Especially freaky was the containment pool, glowing blue with cerenkov radiation, with nothing but a lead window between you and and an ugly death.
They were many checkpoints to go through with detectors that check your shoes and hands for radioactive dust and I inadvertently set one off. I had not placed my hands on the sensors exactly right and the machine went off, scaring the sh*t out of me and everyone else.
The most interesting thing about CANDU reactors is the vacuum building that can suck all the air out of the reactor buildings in the event of a deuteurium steam leak. Dampening rods are also held up by electromagnets that will drop and kill the reaction in the event of an electrical failure.
I'm glad he brought out one of the big points in US/UK nuke plants; the professionalism. It's hard to understand until you've experienced it.
I've never quite had such a clear visual picture of a nuclear reactor in operation.
Internet rods hold the tubes together? Typo, presumably? Or a joke I'm currently too hungover to appreciate?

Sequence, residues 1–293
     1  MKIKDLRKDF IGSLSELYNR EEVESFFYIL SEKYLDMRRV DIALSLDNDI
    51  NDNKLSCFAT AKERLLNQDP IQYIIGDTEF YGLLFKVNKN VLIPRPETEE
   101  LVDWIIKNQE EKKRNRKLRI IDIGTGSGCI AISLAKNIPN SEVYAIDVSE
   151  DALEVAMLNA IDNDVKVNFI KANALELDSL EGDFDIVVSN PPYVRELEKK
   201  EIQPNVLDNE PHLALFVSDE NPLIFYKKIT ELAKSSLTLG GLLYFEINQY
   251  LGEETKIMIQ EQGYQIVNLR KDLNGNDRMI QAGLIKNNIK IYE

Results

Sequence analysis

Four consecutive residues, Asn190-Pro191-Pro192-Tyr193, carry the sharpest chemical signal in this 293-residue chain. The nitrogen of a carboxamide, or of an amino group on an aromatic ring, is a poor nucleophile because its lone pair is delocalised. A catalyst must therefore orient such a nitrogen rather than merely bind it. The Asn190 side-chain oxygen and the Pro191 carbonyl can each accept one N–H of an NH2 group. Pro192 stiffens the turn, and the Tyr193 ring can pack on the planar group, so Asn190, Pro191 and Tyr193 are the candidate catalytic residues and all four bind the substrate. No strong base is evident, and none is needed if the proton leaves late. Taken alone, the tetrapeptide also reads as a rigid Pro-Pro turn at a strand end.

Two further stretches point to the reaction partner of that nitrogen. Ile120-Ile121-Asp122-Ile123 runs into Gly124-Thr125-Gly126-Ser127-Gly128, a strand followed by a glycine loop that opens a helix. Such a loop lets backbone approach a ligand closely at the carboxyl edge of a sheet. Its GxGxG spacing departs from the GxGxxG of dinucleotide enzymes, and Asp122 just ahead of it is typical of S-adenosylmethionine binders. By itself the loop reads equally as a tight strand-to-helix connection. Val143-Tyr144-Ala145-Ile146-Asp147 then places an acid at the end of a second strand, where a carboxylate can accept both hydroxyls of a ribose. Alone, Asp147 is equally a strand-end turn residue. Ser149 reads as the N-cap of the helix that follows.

Am I the only one terrified of the fact that any part of a nuclear reactor can be tampered with by a flash of light?
The worst that will happen is that an emergency/safety system will be tripped accidentally. The workaround is to mask the EPROM windows (with tape, I assume) after programming them.
Due to pricing quirks, the EPROMs with windows were far cheaper than the same chips that didn't have quartz windows on them. They weren't ROMS, they were the same IC, but with an opaque lid.
The good stickers we used were metallized polyster, I think. They were a bit more opaque than paper, as measured by the time it took to UV erase a device.
that's only around the same as 59 Wally yachts...
Oh, but trust me, it will be: when fossil fuels become truly scarce and the antinuclear Luddites are shot, as they ought to have been decades ago.
Even got to see them changing one of the rods (Though of course, from a considerable and safe distance).
It was pretty sweet.